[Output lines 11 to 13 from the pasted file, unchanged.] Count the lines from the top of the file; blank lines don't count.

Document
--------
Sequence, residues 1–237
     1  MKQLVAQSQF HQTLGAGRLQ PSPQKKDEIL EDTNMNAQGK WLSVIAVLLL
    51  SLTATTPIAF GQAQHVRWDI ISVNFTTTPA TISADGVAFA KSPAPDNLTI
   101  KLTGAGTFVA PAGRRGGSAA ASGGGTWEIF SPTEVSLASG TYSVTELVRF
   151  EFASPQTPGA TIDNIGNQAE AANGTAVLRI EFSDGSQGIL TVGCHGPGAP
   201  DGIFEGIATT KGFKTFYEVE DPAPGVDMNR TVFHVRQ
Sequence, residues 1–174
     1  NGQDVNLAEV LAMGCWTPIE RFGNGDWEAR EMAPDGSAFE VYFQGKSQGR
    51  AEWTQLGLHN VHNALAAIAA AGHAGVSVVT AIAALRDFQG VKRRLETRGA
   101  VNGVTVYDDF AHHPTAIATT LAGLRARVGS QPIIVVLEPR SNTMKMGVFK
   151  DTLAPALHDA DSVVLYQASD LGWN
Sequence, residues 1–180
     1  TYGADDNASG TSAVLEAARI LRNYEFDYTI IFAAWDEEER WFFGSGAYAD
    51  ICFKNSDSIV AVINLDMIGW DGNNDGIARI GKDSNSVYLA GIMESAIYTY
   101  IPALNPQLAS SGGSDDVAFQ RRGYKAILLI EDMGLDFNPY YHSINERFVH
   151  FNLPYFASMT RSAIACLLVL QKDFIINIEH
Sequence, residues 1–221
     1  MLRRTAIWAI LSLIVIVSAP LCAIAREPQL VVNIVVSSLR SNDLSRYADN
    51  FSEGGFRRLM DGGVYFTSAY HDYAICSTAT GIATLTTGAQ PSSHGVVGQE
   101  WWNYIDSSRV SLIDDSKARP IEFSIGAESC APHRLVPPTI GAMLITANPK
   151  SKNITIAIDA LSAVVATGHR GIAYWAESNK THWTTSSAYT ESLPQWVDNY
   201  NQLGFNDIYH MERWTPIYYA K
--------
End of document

   151  DTLAPALHDA DSVVLYQASD LGWN
Sequence, residues 1–180
     1  TYGADDNASG TSAVLEAARI LRNYEFDYTI IFAAWDEEER WFFGSGAYAD